Article Text

Original research
Funding received from breastmilk substitute manufacturers and policy positions of national maternity care provider associations: an online cross-sectional review
  1. Salma Qassin1,2,
  2. Caroline S E Homer1,
  3. Alyce N Wilson1
  1. 1Maternal, Child and Adolescent Health Program, Burnet Institute, Melbourne, Victoria, Australia
  2. 2Melbourne Medical School, Faculty of Medicine, Nursing and Health Sciences, University of Melbourne, Melbourne, Victoria, Australia
  1. Correspondence to Salma Qassin; sqassin{at}


Objectives Maternity care providers play an essential role in supporting women to breast feed. It is critical that their professional associations limit influence from breastmilk substitute (BMS) manufacturers. Aims of this study were (i) to examine whether maternity care provider associations had policy or positions statements addressing BMS marketing and (ii) to explore the type of funding received by these associations.

Design An online cross-sectional review.

Setting National or regional maternity provider professional associations in Australia, New Zealand, the USA, Canada and the UK.

Participants Twenty-eight maternity care provider (obstetricians, midwives, nurses and others involved in perinatal care) professional association websites.

Interventions Websites were examined from November 2019 to October 2020.

Primary and secondary outcome measures Evidence of BMS industry funding and policy or position statements addressing acceptance of funding from industries such as BMS.

Results Policies addressing the BMS industry were found for 14 associations (50%). UK-based associations (5/5, 100%) and perinatal associations (4/6, 67%) were most likely to have a policy. Six associations (6/28, 21%) received some form of BMS financial support. The highest rates of BMS support were seen in the form of event advertising (5/28, 18%); closely followed by event sponsorship (4/28, 14%). At a provider level, obstetric associations had the highest rates of BMS support (2/4, 50%). At a country level, US-based associations were most likely to receive BMS support (3/7, 43%).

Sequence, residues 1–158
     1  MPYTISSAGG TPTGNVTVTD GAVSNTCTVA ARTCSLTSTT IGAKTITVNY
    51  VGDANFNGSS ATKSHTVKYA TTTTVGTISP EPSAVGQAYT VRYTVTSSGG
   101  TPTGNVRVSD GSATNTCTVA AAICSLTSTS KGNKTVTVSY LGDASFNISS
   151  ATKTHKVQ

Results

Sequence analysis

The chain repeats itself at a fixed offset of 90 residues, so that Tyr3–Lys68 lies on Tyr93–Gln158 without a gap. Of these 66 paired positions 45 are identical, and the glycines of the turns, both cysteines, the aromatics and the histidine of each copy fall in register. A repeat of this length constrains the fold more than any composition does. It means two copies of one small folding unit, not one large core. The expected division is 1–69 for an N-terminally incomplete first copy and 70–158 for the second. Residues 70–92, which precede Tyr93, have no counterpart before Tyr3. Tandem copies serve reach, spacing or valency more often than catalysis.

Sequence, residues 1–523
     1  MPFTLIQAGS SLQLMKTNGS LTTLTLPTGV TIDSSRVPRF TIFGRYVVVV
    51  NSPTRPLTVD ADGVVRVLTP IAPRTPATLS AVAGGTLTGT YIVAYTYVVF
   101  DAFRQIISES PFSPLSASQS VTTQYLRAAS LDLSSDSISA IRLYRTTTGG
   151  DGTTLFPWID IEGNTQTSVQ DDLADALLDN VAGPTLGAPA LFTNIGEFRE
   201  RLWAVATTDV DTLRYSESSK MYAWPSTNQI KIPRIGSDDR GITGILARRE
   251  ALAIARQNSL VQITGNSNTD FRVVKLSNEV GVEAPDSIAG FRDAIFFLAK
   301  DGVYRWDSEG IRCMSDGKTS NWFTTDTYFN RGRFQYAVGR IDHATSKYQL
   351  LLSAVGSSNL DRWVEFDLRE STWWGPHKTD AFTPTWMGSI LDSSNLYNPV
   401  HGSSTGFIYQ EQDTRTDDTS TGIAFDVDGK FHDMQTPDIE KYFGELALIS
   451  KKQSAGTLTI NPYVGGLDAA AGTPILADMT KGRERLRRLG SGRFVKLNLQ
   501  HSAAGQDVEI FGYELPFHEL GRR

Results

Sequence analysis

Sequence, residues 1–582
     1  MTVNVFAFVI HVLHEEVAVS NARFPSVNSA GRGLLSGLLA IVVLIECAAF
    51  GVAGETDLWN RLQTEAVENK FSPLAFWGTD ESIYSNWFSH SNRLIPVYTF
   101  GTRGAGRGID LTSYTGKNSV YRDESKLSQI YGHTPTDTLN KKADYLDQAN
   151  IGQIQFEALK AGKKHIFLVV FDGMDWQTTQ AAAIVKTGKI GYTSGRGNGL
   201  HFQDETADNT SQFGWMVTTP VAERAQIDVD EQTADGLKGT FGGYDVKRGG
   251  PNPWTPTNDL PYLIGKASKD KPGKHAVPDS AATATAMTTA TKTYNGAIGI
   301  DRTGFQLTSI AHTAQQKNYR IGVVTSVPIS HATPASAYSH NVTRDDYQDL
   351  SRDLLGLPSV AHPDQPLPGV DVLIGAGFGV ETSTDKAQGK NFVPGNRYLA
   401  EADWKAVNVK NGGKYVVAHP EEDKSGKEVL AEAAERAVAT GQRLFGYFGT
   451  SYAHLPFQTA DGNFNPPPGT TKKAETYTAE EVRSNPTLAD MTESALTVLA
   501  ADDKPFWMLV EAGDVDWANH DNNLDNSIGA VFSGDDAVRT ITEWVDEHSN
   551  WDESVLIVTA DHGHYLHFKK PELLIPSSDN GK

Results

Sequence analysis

Conclusions BMS industry financial support was received by one-fifth of maternity care provider associations. Half of these associations had policies addressing BMS marketing. BMS industry support can create conflicts of interest that can threaten efforts to support, protect and promote breast feeding. Healthcare provider associations should avoid BMS funding and at a minimum have policy or position statements addressing BMS marketing.

  • nutrition & dietetics
  • maternal medicine
  • perinatology
  • public health

Data availability statement

All data relevant to the study are included in the article or uploaded as supplementary information.